The anti-gay bill presented to Ghana’s parliament could propose up to 10 years in prison for LGBTQ + people, as well as groups and individuals who defend their rights, express sympathy or offer social or medical support, in one of the more draconian and radical forms. proposed anti-gay laws around the world.
Support for intersex people would also be criminalized and the government could order intersex people to undergo “gender realignment” surgery, according to the bill.
A leaked copy of Ghana’s Promotion of Adequate Human Sexual Rights and Family Values Bill, widely distributed online and confirmed as authentic by diplomats with access to the bill, has sparked outrage and growing fear among activists in Ghana. human rights.
The bill would be the first important step in criminalizing sexual minorities and their supporters since independence from colonial rule.
The prospect of tough new laws has been hailed by numerous parliamentarians and supported by figures in the government of President Nana Akufo-Addo.
A wave of repression against LGBTQ + people has followed in the West African country since January this year. In February, a community space offering support to sexual minorities was forced to close amid a backlash from politicians, civil and religious groups and the media, and also led to an increase in arrests and abuses against people perceived as gay or queer.
On Friday, Sam Nartey George, a MP who described gay rights as a “perversion” and led a group of lawmakers who drafted the bill, dismissed the bill’s online condemnation as “misinformed.”
“Homosexuality is not a human right. It’s a sexual preference, ”he said in a post on Twitter. “We will pass this bill.”
Foreign diplomats said they have expressed significant concern about the bill to the Ghanaian government. Ghanaian officials have privately sought to allay fears that the bill will pass.
Parliament has yet to appoint a committee to review the bill and the bill is likely to be subject to several amendments before it is passed.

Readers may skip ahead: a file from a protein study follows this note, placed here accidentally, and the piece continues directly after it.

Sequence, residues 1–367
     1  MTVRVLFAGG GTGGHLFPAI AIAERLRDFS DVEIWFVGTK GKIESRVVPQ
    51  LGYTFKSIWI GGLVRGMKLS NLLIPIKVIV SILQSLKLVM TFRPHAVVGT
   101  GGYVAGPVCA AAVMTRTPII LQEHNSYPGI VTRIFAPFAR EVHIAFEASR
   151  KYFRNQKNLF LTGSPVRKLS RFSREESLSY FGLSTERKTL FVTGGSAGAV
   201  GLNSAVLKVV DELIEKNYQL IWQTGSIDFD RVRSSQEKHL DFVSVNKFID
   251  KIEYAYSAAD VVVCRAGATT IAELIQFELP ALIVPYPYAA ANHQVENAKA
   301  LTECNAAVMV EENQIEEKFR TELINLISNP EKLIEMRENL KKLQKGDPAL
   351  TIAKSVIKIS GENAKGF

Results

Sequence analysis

Nana Ama Agyemang Asante, a journalist and activist in Accra, said she was “stunned by the content, the crudeness of the language and the cruelty behind the intent” of the bill. “I’ve spent all my time as a journalist defending gay rights, so I can’t believe we’ve reached this point where they want to criminalize everything and everyone, including the existence of allies, intersex and asexual people.”
Among other aspects of the bill that have led to condemnation, groups or individuals found to be financing groups considered LGBTQ + rights defenders or offering support could be prosecuted. Marriage would be clearly defined in Ghanaian law as a marriage between a man and a woman.
Media companies, online platforms, and accounts that post information that could be seen as encouraging children to explore any gender or sex outside of the binary categories of male and female could face 10 years in prison.
Since January, public life groups, from politicians to journalists, civil and religious leaders, have led a fierce condemnation of LGBTQ + rights and support networks in Ghana.
The Ghanaian government promised new laws to ban pro-gay advocacy, amid hysteria over the boldest efforts to establish support for sexual minorities. A group of eight lawmakers presented the bill to parliament on June 29.
“Unnatural carnal knowledge”, often interpreted as non-heterosexual sex, is illegal in Ghana. Prosecutions are rare, yet many gay and queer people have reported being abused by citizens and law enforcement agencies.
Amid growing clamor for cracking down on those perceived as advocates of LGBTQ + rights, 21 people were arrested in the city of Ho in March, at a training event for paralegals and other professionals working in support of vulnerable groups. They were released on bail last month, yet many of the defendants live in safe houses for fear of safety, and some of them have been disowned by their families and lost their jobs.